- Agile processes promote sustainable development. The sponsors, developers, and users should be able to maintain a constant pace indefinitely.
- Continuous attention to technical excellence and good design enhances agility.
- Simplicity — the art of maximizing the amount of work not done — is essential.
- The best architectures, requirements, and designs emerge from self-organizing teams.
- At regular intervals, the team reflects on how to become more effective, then tunes and adjusts its behavior accordingly.
An Agile framework for completing complex projects. Works well for any complex, innovative scope of work. Scum helps ensure transparency, inspection, and adaptation
- A product owner creates a prioritized wish list called a product backlog.
- During sprint planning, the team pulls a small chunk from the top of that wish list, a sprint backlog, and decides how to implement those pieces.
- The team has a certain amount of time — a sprint (usually two to four weeks) — to complete its work, but it meets each day to assess its progress (daily Scrum).
- Along the way, the ScrumMaster keeps the team focused on its goal.
- At the end of the sprint, the work should be potentially shippable: ready to hand to a customer, put on a store shelf, or show to a stakeholder.
- The sprint ends with a sprint review and retrospective.
- As the next sprint begins, the team chooses another chunk of the product backlog and begins working again.
A daily 15 minute session lead by a scrum master where a product team can synchronize. Huddles are used to understand progress toward a sprint goal and to inspect how progress is trending toward completing the work remaining in the sprint backlog. The huddle is held at the same time and place each day to reduce complexity. The scrum master is responsible for ensuring that only product team members participate in the huddle and not stakeholders.
- What stories did you complete yesterday?
- What stories will you focus on completing today?
- Are there any impediments preventing you from completing anything?
Kanban's highly visual nature allowed teams to communicate more easily on what work needed to be done and when. It also standardized cues and refined processes, which helped to reduce waste and maximize value.
- Visualize work Create a visual model of work and work flow, so as to observe the flow of work moving through the Kanban system. Making the work visible, along with blockers, bottlenecks, and queues, instantly leads to increased communication and collaboration.
- Limit Work In Process Limit how much unfinished work is in process and reduce the time it takes an item to travel through the Kanban system. Problems caused by task switching and the need to constantly reprioritize items can be reduced by limiting WIP.
- Focus on Flow By using work in process (WIP) limits and developing team-driven policies, the Kanban system can be optimized to improve the smooth flow of work, collect metrics to analyze flow, and even get leading indicators of future problems by analyzing the flow of work.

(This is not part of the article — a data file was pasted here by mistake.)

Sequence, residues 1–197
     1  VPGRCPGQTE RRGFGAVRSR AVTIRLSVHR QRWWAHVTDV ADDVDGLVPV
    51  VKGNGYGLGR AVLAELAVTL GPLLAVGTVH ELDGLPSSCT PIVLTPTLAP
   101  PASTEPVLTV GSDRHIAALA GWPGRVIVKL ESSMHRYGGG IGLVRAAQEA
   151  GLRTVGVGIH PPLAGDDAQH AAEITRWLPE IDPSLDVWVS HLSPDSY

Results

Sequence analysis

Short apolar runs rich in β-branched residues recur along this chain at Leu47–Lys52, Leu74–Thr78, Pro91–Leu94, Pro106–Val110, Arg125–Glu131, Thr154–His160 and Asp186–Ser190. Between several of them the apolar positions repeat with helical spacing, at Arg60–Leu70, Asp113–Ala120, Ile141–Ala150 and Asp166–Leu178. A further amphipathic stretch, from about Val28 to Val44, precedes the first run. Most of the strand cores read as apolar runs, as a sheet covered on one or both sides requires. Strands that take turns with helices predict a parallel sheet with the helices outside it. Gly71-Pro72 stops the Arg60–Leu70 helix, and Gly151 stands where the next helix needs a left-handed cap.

- Continuously Improve Once the Kanban system is in place, it becomes the cornerstone for a culture of continuous improvement. Teams measure their effectiveness by tracking flow, quality, throughput, lead times, and more. Experiments and analysis can change the system to improve the team’s effectiveness.
A user story is used to “facilitate the functionality of a system but can be used in any environment to ensure that design and development are focused on user needs.” It focuses on the who, what and why, never how. User stories are structured as the following:
As a [persona], I want to [goal], so I can [motivation].
Understanding the motivation helps because:
- it gives clarity as to why a feature is useful;
- it can influence how a feature should function;
- it can give you ideas for other useful features that support the user’s goals.
A time-box of one month or less during which a “Done”, useable, and potentially releasable product Increment is created. Sprints best have consistent durations throughout a development effort. A new Sprint starts immediately after the conclusion of the previous Sprint.
Sprints events include Planning, Daily Scrums, Review, and Retrospectives.Any stories not completed within the assigned sprint are pushed to the following sprint to be completed first or sent to the backlog to for inclusion in a future sprint.
During an Active Sprint:
- No changes are made that would endanger the Sprint Goal;
- Quality goals do not decrease; and,
- Scope may be clarified and re-negotiated between the Product Owner and Development Team as more is learned.
Sprints help to determine predictability of team velocity through inspection and constant fluctuation of progress toward a sprint goal while also reducing risk of misapplying effort towards an invaluable goal.
- Sprint Planning Helps product teams determine which stories should be targeted for completion in the upcoming sprint by adding them to a sprint backlog list. The session is moderated by a scrum master who ensures the session is conducted within a time-box of ~45 min.
- Backlog Grooming A session where the product team in collaboration with stakeholders prioritize, add, or remove user stories in the product backlog. Prioritizing the backlog includes arranging the stories with the highest priority at the top and lowest priority at the very bottom. Grooming sessions are occur prior to the start of the next sprint.
Sprint Retrospective An opportunity for the [Product] Team to inspect itself and create a plan for improvements to be enacted during the next Sprint.
User-Centric Product Design
A high level process combining user-centered design principles with agile and scrum methodologies. Following this process will ensure that the product meets both user and stakeholder requirements. The 5 pillars of this process are:
- Strategy Project visions & goals, brand strategy, definition of success, priorities
- Discovery Business requirements, analytics, review, content audit, surveys, user interviews, user testing
- Analysis use cases, personas, storyboards, experience maps, process diagrams
- Design mood board, user flow map, sketches, wireframes, prototypes, user testing
- Production Prototyping, MVP, user testing, release GA